Many tech scaleup companies believe the first step of their US expansion journey is making their first hire in the US market. What most companies expanding to the US do not realize is just how competitive it is to hire top talent in the US market. If your company wants to compete for top talent, it had better be prepared to answer the detailed questions a potential employee may ask during the interview process. Being “talent ready” to hire in the US market requires extensive pre-planning, research, and decision making. There are also several related dependency steps in the US expansion process your company will need to complete before even beginning the hiring process. Once you are ready to hire in the US, here are the steps your company will need to take to be talent ready to hire in the US market.
Job Descriptions – Create US specific job descriptions that include the job title and detailed description of the role, the key responsibilities and objectives, qualifications, and skills, plus work experience and education requirements. Also be sure to include a brief overview of the company, the location of the hire (or if remote is ok), and an overview of the company benefits package. The job description will also serve as the central document for marketing and posting the position online.
Offer Letters (not contracts) – Create employment offer letters that include the basic job title, start date, compensation, benefits, location, and reporting structure. In the US there is a doctrine known as “at will employment” that allows employers to terminate employees at any time and allows employees to leave their job at any time. Employment contracts with defined periods of time that are common in other parts of the world but are not common in the US. In the US it is also best practice to include confidentiality, non-disclosure, and/or intellectual property assignment provisions or side agreements with the offer letter. Additionally, most offer letters include contingencies (background check for example), an offer expiration date and an acceptance section for the candidate to sign and return indicating their acceptance of terms.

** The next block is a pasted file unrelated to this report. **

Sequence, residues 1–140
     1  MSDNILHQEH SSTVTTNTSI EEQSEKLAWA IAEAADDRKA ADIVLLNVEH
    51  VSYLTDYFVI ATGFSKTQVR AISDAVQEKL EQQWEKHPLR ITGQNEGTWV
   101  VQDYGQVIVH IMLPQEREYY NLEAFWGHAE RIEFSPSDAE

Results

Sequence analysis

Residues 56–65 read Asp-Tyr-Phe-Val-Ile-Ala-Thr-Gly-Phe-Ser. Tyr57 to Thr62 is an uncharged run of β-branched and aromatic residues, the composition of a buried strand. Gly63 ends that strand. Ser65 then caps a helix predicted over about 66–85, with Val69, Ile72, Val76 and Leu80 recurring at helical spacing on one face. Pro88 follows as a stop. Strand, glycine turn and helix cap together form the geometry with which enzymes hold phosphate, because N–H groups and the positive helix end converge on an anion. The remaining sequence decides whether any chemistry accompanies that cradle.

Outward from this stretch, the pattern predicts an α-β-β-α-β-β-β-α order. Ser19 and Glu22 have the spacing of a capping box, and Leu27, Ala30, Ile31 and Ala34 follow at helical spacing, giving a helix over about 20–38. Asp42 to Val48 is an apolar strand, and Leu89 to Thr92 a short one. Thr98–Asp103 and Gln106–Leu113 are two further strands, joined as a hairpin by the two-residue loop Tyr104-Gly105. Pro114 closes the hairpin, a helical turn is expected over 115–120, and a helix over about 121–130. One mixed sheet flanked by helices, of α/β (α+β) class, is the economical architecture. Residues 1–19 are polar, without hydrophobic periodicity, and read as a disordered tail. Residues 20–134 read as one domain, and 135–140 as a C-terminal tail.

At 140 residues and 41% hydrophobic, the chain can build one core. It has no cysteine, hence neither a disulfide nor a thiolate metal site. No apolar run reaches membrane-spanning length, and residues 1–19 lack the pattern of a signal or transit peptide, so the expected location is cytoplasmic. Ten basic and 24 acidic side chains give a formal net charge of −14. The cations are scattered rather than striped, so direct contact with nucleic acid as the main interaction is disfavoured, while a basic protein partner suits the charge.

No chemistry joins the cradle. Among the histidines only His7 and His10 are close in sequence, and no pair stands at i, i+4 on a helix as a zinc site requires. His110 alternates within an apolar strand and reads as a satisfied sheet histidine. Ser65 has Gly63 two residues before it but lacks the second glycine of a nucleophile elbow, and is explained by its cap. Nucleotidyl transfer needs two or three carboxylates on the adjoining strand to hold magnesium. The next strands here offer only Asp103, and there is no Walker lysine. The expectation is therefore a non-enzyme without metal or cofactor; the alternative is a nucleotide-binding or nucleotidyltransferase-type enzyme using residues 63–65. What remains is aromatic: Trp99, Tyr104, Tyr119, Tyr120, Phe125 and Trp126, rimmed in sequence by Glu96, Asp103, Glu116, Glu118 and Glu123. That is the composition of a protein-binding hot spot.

Compensation Models – In terms of recruitment and hiring in the US, compensation can significantly vary across different US geographies even for the same position. From a planning perspective, if your company mandates a hybrid or in-office work model, starting a site selection process for your US headquarters is imperative before diving into salary research for the desired positions. Alternatively, if a fully remote team is in the plan, compensation will be based on the market rates prevalent in the geographical locations where team members live. This approach ensures that salary structures align with both the company's operational needs and the regional realities of your diverse workforce. If your company includes bonus payments as part of the compensation model, you will need to clearly define and communicate how the bonuses are calculated and when they are paid.
When it comes to sales commissions, it is crucial to establish precise parameters for calculation and disbursement. Clearly outline the trigger events for commission payments—whether it is upon contract signing, shipment, or invoice payment collection. Additionally, decide on the frequency of recurring revenue payouts, considering options such as monthly disbursements or an annualized basis.